Sunday, June 18, 2006

Up The Creek Without A Camera

I spent last weekend camping with nine friends in Shenandoah. It was a nearly perfect time. I can’t remember the last time I had that much fun. We slept under the open sky (and a couple layers of nylon), we hiked for hours on end, we lazed by the campfire, we ate like royalty, and we communed with God, nature, and each other. We saw snakes, bear, deer, waterfalls, "waterfalls," gullies, mountains, valleys, and skies that would make your eyes cry in worship.

My only prayer for the trip was that God would orchestrate it so that I would have one-on-one time to bond with each person on the trip, even the ones that I didn’t know. God answered that prayer and tossed in the best weather we could have hoped for, just to show off.

Honestly, the only thing that would have made the weekend actually perfect is a camera., I didn’t know why, but as I prepared for the trip I actively avoided having a camera. Then, I ended up spending most of the hikes envisioning each scene through the lens of an imaginary and/or whining about not having a camera.

After I got home, God revealed the purpose for my cameralessness: being. For me, this trip was an exercise in just being. Not doing. God had gifted me with incredible beauty at every turn: natural, man-made, human and relational. But all of this was just to be enjoyed, not captured.

I get a little crazy with cameras. My friend, Kurt, is a photo-sniper. He’s also a Marine, so perhaps there’s a correlation. He takes one great picture per vista, catches exactly what he wants, then moves on. One shot, one kill. I, on the other hand, am the reason that God willed digital cameras into existence. I take ten or fifteen pictures per vista, and delete the shots until I narrow it down to two or three I can’t choose between.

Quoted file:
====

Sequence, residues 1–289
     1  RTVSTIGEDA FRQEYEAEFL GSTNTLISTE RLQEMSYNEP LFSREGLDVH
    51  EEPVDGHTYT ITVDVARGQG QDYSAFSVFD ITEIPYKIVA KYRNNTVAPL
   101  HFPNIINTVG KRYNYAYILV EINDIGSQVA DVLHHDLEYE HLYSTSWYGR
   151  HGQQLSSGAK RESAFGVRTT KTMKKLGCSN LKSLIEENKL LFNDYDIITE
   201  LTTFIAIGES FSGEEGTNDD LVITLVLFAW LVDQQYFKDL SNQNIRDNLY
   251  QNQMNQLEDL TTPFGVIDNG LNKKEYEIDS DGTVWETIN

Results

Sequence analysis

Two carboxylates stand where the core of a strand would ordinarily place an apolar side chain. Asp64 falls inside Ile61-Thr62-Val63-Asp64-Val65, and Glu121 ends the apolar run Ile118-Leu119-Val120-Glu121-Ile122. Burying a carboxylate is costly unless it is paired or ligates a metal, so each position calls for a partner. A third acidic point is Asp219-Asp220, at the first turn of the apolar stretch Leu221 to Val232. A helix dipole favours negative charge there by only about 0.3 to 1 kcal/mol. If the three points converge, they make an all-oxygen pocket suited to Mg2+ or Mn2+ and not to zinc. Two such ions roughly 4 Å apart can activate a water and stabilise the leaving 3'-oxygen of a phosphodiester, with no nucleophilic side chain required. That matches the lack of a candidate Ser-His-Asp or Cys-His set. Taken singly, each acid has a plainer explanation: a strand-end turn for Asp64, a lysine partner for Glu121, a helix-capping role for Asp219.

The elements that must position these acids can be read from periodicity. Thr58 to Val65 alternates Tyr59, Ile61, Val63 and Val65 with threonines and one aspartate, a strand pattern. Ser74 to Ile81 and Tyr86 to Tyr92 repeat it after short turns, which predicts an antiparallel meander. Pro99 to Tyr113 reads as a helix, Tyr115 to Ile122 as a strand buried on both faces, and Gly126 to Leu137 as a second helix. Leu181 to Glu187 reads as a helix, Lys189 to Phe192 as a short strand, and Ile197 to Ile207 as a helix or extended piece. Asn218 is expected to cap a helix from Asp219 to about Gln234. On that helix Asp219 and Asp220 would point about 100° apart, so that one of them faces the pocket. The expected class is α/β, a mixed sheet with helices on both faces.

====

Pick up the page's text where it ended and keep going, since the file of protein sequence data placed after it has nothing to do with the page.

So, God knew how distracted I would be with the process of taking pictures. In general, photography is about capturing the present for the future. It’s about capturing an experience, a mood, an emotion, a scene, a person, an expression, a moment. It’s an incredible gift. But it wasn’t for me, for that weekend. I needed to stay present to the present in the present for the sake of the present. It’s not something I do very often.

Mission: accomplished. I just beed. Sure, there was some Godly coercion involved, but it was for my best. I’m no worse for the wear and I came away with an amazing experience. I'll try it again, one day. Actually, I'll try both. Camping and being.

2 Comments:

At 7:42 AM, June 22, 2006, Blogger Darbs said...

What a wonderful experience and lesson..."just be." I'm glad that you were able to realize God's plan for you and your camping trip.

Happy to hear that you had a good time!

 
At 9:57 AM, June 22, 2006, Blogger The Black Sheep said...

Thanks, Darbs.

It was a really good time.

 

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